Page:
It’s over too soon for England. A 2-1 loss to Uruguay in Sao Paolo coupled with a shock Costa Rica win against Italy means that England are out of the World Cup before they’ve even played their third and final game.
Against Uruguay, England battled – again – and were letdown – again – by a shaky defense, a soft midfield underbelly, and a certain lack of decisiveness that ruins major tournaments. There will be an inquest into what went wrong, but maybe the FA’s Greg Dyke had it right with his infamous throat-slash gesture at the World Cup draw last December.
The opposition was too good. England will try to put their finger on the problem with what went wrong against Italy, and mostly Uruguay, but the story in Sao Paolo begins and ends with that man named Suarez.
The Uruguay-England game was his game. His occasion. And he’s never one to miss a chance for a big show.
Suarez willed Uruguay to victory. He instilled his team with a manic kind of cardiac drive that flowed through a side that just days before had looked so stale and disinterested against Costa Rica that it would have been no shock if they exited the tournament without a point.
Against the Ticos, Uruguay were nothing short of dreadful. Like Spain against Holland and Chile, Uruguay looked like an old team past its prime – except their initial capitulation came against a team with far less talent than Spain’s opposition.
Suarez writhed uncomfortably on the bench that day, knowing he was tantalizingly close to fitness – tantalizingly close to changing the course of his team’s World Cup.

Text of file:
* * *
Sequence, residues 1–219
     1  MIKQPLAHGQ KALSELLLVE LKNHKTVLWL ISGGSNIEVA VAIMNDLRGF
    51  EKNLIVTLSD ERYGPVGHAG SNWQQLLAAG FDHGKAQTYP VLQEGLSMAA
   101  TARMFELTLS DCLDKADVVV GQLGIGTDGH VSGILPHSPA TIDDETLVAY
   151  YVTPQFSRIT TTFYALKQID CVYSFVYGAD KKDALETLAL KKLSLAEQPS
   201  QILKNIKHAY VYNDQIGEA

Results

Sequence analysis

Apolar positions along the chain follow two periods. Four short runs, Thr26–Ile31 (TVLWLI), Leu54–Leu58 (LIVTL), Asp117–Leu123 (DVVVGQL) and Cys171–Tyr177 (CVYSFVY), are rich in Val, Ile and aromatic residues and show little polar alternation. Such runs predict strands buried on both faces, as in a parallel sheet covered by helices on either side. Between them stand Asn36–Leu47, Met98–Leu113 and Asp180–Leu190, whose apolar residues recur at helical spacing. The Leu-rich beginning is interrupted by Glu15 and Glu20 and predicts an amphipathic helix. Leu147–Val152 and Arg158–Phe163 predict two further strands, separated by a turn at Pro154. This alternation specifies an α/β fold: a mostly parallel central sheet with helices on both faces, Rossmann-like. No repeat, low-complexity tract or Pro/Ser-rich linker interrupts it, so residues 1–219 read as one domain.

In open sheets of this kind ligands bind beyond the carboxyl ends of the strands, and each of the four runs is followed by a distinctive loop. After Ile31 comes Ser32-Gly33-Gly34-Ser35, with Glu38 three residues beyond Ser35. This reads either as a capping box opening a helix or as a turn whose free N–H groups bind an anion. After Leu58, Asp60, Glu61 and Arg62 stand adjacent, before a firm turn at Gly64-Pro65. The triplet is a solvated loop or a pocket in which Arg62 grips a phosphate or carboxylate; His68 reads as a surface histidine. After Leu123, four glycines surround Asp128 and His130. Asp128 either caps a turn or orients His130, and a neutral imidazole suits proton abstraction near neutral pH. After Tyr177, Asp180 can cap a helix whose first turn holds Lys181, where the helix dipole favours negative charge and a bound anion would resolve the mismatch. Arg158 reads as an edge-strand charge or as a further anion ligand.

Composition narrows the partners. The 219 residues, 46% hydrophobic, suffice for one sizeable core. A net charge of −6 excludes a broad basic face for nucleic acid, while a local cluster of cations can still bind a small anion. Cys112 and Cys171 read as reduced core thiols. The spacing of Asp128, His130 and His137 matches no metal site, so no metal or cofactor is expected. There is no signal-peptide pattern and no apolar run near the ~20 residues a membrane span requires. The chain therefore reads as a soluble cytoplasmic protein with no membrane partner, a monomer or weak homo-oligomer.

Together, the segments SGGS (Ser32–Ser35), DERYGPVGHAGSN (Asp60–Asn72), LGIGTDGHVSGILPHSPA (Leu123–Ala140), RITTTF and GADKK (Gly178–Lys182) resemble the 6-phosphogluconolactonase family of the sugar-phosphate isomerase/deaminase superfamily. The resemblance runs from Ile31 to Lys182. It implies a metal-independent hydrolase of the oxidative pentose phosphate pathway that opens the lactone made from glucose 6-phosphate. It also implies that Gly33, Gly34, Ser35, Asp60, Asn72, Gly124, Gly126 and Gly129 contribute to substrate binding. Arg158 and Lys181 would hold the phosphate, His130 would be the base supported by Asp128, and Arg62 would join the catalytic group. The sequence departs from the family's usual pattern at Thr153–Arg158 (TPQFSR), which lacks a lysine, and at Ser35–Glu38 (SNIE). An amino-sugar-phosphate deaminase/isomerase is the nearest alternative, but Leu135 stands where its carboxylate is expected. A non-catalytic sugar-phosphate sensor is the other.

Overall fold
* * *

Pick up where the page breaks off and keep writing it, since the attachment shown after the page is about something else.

Against England, Uruguay was a completely different team. Belief and commitment flowed through their veins and guided their every action. Arevalo Rios became Daniele De Rossi. Teenager Jose Gimenez stepped into central defense for captain Diego Lugano and looked like he still thought he was at the under-20 World Cup.
It was remarkable. Uruguay were alive again. Diego Forlan inspired this very team in a similar fashion at the 2010 World Cup, but Forlan never had to contend an opening game like Uruguay had in this tournament.
As reviled as Suarez is in England, that’s how much he’s beloved in Uruguay. It showed in Sao Paolo.
It wasn’t just a sort of Willis Reed moment from Suarez that led Uruguay out of the fire of the Costa Rica loss with a shining new coat of armor either. Suarez – however fit he is – played what he said was “one of the best games of my life.”
So yes, undoubtedly, Suarez was superb. But without his presence inspiring his team, Suarez’s goals would have been for naught.
Had the Uruguay that petulantly and pitifully flamed out against Costa Rica played England, England would have won 4-0. Suarez was the difference.
Limited to just two meaningful touches of the ball, he punished the country he has long thought about punishing.
Suarez said, “Before the game too many people in England laughed about my attitude over the last few years. This is a very good time for me. I want to see what they think now.”